The following are steps you can take to minimize your risk:
default-cache-ttl 30, which will prompt you for your PIN more frequently. While the signing activity only takes a short amount of time to complete, the GPG socket remains open longer.
Connect to the local
.extrasocket rather than the primary socket, which helps limit key exposure (if you do this, modify examples in this article to use the appropriate socket).
Create a separate sub-key for Coder to use to prevent the primary key from being compromised if a security incident occurs. You'll need to add the sub-keys to your Git provider, and if there's a security incident, the old commits signed using the affected keys may be considered unverified.
As of Coder v1.22.x, running
coder config-sshenables the
ControlMastermechanism, which caches connections even you exit the interactive shell. This means that GPG actions on the remote system can occur even if there's no apparent connection. To disable
ControlMasteron your GPG-forwarded SSH connection, add the following options to your command:
-o ControlMaster=no -o ControlPath=none.
The following sections explain how you can troubleshoot errors you may see when using up GPG forwarding.
connect to /Users/mterhar/.gnupg/S.gpg-agent port -2 failed: No such file or directory gpg: no running gpg-agent - starting '/usr/bin/gpg-agent'
If you see this error, the socket wasn't present on the local machine when you
ssh command. This is caused by a lack of
ssh configuration, so update your configuration accordingly.
gpg: key F371232FA31B84AC: accepted as trusted key gpg: no default secret key: No secret key gpg: [stdin]: clear-sign failed: No secret key
This error can happen if there's a
gpg agent running in the remote workspace
that is intercepting the GPG commands before they get to the remote socket.
You can fix this by:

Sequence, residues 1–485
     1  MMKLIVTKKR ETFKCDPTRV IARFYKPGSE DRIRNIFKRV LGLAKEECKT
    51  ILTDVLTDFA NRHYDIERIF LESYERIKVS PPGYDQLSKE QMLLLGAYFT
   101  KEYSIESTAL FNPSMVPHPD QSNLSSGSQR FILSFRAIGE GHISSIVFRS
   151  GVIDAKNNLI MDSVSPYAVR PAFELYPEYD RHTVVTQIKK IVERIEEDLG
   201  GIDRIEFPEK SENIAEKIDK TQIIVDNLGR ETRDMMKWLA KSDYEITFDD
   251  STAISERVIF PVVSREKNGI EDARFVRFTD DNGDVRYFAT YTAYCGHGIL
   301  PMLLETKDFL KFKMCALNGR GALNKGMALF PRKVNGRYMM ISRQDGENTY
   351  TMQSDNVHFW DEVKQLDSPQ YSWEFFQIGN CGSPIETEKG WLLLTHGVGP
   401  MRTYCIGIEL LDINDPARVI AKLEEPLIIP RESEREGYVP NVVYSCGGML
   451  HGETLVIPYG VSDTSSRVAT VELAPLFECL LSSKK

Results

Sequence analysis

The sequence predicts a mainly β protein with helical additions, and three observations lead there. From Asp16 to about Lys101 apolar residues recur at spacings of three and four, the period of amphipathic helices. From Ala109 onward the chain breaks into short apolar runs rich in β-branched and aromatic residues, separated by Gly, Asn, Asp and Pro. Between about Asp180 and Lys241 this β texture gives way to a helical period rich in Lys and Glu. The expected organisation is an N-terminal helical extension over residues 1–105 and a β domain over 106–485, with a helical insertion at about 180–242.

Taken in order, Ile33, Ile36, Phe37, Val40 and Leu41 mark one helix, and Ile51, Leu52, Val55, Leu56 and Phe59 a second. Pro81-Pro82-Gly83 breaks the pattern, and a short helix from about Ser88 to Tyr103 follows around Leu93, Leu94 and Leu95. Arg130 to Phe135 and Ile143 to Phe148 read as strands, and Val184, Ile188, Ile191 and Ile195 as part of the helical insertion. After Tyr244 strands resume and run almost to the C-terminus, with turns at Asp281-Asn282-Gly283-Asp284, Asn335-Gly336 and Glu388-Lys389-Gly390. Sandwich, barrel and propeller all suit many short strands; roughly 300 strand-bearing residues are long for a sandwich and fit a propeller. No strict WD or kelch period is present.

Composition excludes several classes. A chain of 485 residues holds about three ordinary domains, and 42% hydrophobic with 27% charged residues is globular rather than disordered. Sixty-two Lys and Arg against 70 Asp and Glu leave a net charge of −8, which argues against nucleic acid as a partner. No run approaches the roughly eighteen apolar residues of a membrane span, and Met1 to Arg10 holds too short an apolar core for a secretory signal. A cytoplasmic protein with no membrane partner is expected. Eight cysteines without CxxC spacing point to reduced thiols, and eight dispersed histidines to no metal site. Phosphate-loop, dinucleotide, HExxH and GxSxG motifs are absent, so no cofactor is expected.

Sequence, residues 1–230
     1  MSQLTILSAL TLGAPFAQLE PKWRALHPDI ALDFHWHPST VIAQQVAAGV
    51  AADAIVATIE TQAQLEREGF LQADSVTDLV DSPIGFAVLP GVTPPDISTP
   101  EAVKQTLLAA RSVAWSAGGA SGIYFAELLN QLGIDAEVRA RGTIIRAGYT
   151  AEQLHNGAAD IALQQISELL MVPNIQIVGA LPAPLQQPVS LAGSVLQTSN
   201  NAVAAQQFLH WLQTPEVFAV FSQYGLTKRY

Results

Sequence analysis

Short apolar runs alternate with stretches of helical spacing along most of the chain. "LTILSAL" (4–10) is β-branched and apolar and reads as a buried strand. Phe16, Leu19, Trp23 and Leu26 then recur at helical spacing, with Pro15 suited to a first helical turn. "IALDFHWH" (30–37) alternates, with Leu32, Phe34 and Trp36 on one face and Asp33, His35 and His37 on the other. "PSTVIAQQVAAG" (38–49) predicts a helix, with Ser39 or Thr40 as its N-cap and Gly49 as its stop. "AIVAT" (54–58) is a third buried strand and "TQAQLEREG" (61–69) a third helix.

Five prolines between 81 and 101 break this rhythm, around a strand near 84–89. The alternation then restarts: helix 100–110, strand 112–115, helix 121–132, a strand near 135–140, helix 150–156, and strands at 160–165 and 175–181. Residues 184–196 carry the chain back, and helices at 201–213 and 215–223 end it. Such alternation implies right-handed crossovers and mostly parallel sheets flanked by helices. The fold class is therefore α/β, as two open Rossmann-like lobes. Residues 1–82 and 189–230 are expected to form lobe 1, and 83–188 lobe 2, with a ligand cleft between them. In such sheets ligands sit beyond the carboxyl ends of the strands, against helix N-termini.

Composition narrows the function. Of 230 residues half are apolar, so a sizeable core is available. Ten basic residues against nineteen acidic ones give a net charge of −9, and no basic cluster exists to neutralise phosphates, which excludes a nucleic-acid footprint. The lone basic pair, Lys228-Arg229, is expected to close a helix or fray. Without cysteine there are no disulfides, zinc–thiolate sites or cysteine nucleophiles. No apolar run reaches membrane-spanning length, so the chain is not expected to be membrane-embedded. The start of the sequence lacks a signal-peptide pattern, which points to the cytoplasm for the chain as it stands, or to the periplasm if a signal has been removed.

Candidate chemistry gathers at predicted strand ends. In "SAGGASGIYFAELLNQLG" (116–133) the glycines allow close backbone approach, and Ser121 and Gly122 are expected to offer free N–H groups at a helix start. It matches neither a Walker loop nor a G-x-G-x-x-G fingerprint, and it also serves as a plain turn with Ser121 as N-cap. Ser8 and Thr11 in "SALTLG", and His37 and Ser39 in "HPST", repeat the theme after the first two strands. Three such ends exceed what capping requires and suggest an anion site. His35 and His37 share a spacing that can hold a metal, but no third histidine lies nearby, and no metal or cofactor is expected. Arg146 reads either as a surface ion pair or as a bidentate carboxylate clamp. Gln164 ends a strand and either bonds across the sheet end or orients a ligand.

gpgconf --kill gpg-agent
ps ax | grep gpg-agentto find and kill all of the pids.
Then, reconnect your
ssh session to re-establish the socket forwarding.
echo "test " | gpg --clearsign -vvv gpg: using character set 'utf-8' gpg: using pgp trust model gpg: key F371232FA31B84AC: accepted as trusted key gpg: writing to stdout -----BEGIN PGP SIGNED MESSAGE----- Hash: SHA256 test gpg: pinentry launched (1744 curses 1.1.1 - xterm-256color - - 501/20 0) gpg: signing failed: Inappropriate ioctl for device gpg: [stdin]: clear-sign failed: Inappropriate ioctl for device
gpg: pinentry launched (1744 curses 1.1.1 - xterm-256color - - 501/20 0)
does not include the
/dev/pts/1 after the version number, you may need to add
GPG_TTY environment variable to a process that runs before trying to use
GPG_TTY is set to the same output as
tty, be sure you have a
.gnupg/gpg.conf file that contains
If you receive this error when connecting via SSH:
Warning: remote port forwarding failed for listen path /run/user/1000/gnupg/S.gpg-agent
The likely cause is that
openssh isn't running. This could be a result of:
- The image you're using doesn't include
systemctl enable sshcommand didn't work
- The workspace doesn't have CVMs enabled.
Both GitHub and GitLab display verification statuses beside signed commits. If you see a commit that's unverified, it could be that the signing key hasn't been uploaded to the associated account.
To fix this issue, add the GPG key to your account:
If this doesn't fix the issue, ensure that the email address in the author field matches the email associated with the username and signing key.
coder config-ssh command uses session caching:
Host coder.[workspace name] [...] ControlMaster auto ControlPath ~/.ssh/.connection-%r@%h:%p ControlPersist 600
Therefore, the connection persists for some time and the GPG socket forwarding remains open to make opening a new shell fast.
If you're having issues with GPG forwarding, getting verbose logs is helpful for
pinpointing where the issue may be. One way to do so is to add
-v to the SSH
command you run.
You can also add
--verbose to the
gpg command. For example, if your sockets
aren't where you expected them and you receive the following output, you'll need
to get additional information via verbose logs:
gpgconf --list-dirs sysconfdir:/etc/gnupg bindir:/usr/bin libexecdir:/usr/lib/gnupg libdir:/usr/lib/x86_64-linux-gnu/gnupg datadir:/usr/share/gnupg localedir:/usr/share/locale socketdir:/run/user/1000/gnupg dirmngr-socket:/run/user/1000/gnupg/S.dirmngr agent-ssh-socket:/run/user/1000/gnupg/S.gpg-agent.ssh agent-extra-socket:/run/user/1000/gnupg/S.gpg-agent.extra agent-browser-socket:/run/user/1000/gnupg/S.gpg-agent.browser agent-socket:/run/user/1000/gnupg/S.gpg-agent homedir:/home/coder/.gnupg